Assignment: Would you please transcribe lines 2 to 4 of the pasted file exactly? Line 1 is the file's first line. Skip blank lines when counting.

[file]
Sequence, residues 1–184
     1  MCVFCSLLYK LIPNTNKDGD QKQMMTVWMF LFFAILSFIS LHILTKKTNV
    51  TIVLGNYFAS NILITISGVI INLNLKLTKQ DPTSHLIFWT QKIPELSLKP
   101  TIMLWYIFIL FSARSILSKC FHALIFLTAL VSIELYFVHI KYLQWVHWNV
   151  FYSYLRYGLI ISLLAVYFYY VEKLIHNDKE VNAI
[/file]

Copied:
     1  MCVFCSLLYK LIPNTNKDGD QKQMMTVWMF LFFAILSFIS LHILTKKTNV
    51  TIVLGNYFAS NILITISGVI INLNLKLTKQ DPTSHLIFWT QKIPELSLKP
   101  TIMLWYIFIL FSARSILSKC FHALIFLTAL VSIELYFVHI KYLQWVHWNV